New school for the arts considered Lexington Terrace institution for children discussed

Several options explored

Moving school from Mount Vernon is one possibility

July 20, 1996|By Marilyn McCraven and Holly Selby | Marilyn McCraven and Holly Selby,SUN STAFF Sun staff writer Jean Thompson contributed to this article.

A new city public school for the arts could open on the site of the Lexington Terrace public housing project on the western edge of downtown in a couple of years if myriad details can be worked out and money found to pay for it, says Walter G. Amprey, the city superintendent of schools.

A committee has been meeting in recent weeks to discuss creating a school for children and possibly moving the renowned School for the Arts, a high school, from Mount Vernon to Lexington Terrace, Amprey said.

Committee members are conducting a feasibility study and are to meet again Aug. 8 to decide "whether we ought to speed ahead" with plans for the school, Amprey said Thursday. "We're just in the very preliminary discussion stages now."

Other committee members are Baltimore Housing Commissioner Daniel P. Henson III, developer C. William Struever and Abell Foundation President Robert C. Embry Jr., Amprey said.

Some School for the Arts officials and supporters are reluctant to give up their location in the old Alcazar Hotel, but they generally support the creation of a lower school for the arts that they would control.

"We're certainly not anxious to get out of our Cathedral Street location. We just thought it was worth raising the questions," said Stanley Romanstein, director of the School for the Arts. "I want to be very clear about this: This idea came to us through the residents of Lexington Terrace. This is not our pitch to say, 'Oh, please, let us open a school at Lexington Terrace.' "

Romanstein said three residents of the Lexington Terrace area asked in April that the School for the Arts consider operating an elementary school for the arts there.

"It would not make any sense to move the School for the Arts from its building, which has been designed specifically to be a school for the arts," said Anthony M. Carey, chairman emeritus of the school's board of overseers and chairman of its foundation.

Another issue raised by the discussions is the future of Booker T. Washington Middle School, the current middle school for the arts. It was designed to be a sort of a preparatory school for the School for the Arts, but Amprey said the School for the Arts "needs a stronger feeder school."

The committee is exploring several ideas, ranging from a stand-alone elementary school with a curriculum focused on the arts to a single kindergarten-through-12th-grade school for the arts.

Officials say they also are considering operating a "lower" school, possibly a middle school for the arts, near the School for the Arts in Mount Vernon.

This is an ideal time to look at the matter, since the Lexington Terrace housing complex is to be demolished July 27, to be replaced by a $22.7 million development including rowhouses and business, educational and recreational amenities, Henson said.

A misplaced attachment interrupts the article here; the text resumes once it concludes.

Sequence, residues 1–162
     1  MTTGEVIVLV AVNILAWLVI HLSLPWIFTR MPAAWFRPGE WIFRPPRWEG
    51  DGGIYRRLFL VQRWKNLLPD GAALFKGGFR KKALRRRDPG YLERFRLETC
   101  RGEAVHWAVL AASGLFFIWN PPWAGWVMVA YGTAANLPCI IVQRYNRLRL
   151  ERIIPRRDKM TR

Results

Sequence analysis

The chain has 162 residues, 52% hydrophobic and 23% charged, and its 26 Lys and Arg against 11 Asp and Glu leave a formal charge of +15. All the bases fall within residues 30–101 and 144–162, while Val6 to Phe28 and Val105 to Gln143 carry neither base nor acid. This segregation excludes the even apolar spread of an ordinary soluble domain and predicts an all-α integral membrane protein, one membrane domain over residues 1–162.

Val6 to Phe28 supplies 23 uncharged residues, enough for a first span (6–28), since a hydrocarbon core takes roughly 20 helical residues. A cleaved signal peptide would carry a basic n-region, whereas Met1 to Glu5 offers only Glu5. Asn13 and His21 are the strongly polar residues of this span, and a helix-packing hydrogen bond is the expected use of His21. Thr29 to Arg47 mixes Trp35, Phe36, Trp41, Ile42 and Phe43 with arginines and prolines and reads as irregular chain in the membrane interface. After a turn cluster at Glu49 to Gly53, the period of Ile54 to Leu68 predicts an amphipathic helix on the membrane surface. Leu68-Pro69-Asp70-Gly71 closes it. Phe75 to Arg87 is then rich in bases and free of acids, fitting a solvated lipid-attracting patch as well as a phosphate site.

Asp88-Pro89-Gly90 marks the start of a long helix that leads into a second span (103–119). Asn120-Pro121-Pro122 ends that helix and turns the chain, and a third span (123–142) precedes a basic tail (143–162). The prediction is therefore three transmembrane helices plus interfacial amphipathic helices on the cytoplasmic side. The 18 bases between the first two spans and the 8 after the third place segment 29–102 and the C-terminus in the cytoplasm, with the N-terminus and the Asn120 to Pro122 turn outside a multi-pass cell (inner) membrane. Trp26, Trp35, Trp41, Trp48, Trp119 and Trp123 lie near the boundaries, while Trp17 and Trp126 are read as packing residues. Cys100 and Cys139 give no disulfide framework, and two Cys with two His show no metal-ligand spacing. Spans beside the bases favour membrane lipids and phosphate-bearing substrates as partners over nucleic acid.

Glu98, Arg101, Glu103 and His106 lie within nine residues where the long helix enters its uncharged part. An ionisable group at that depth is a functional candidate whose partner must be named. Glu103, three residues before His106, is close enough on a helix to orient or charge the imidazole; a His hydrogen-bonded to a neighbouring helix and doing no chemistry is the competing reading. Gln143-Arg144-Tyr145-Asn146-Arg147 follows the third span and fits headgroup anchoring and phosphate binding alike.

Also on the site is the decrepit Lexington Terrace Elementary School. Plans call for it to be renovated and reopened in fall 1998. As part of the feasibility study, officials are considering whether the school should be torn down or renovated.

"When we looked at that building, our opinion was that it would require such extensive renovations that it would be better to implode it along with the other buildings. So, with Dan Henson's guidance, we entered into a feasibility study to see if it would make sense," Romanstein said.

A key question is where the financially strapped school system would get money for the necessary extensive renovation or construction. Typically, the city has used its own funds for design and planning, and state funds for school construction and capital repairs.

Baltimore's share of state school construction money for fiscal 1997 is $8.7 million, enough to repair only a few of the 65 schools listed in "poor" condition in the city schools' facilities master plan, which was released this month.

The School for the Arts is in "good" condition, according to that survey, but Amprey said it needs $2 million in improvements to make it "state of the art" with computers and other technology.

"We have to look at whether it is worth it to continue to try to do improvements to the current School for the Arts," said Amprey, noting that not all needed repairs are listed in the facilities report.

"We won't worry about where we'll find the money until we get a plan," Henson said.

School administrators have estimated the cost of giving a new school for the arts what it would need, including a cafeteria, dance rooms, performance centers and wiring for Internet access, Romanstein said.

Those rough figures have been passed to Struever Bros. Eccles and Rouse, which will draw up financial estimates, Amprey said.

The School for the Arts, created in 1980, is best known for graduating dancers, artists and musicians, but it also ranks among the city's best schools academically. Seniors who took the Scholastic Assessment Test in 1995 had the second-highest average score among city high schools. Their average verbal score was the city's highest.

The school attracts some students from surrounding counties, who pay tuition to attend.

Pub Date: 7/20/96

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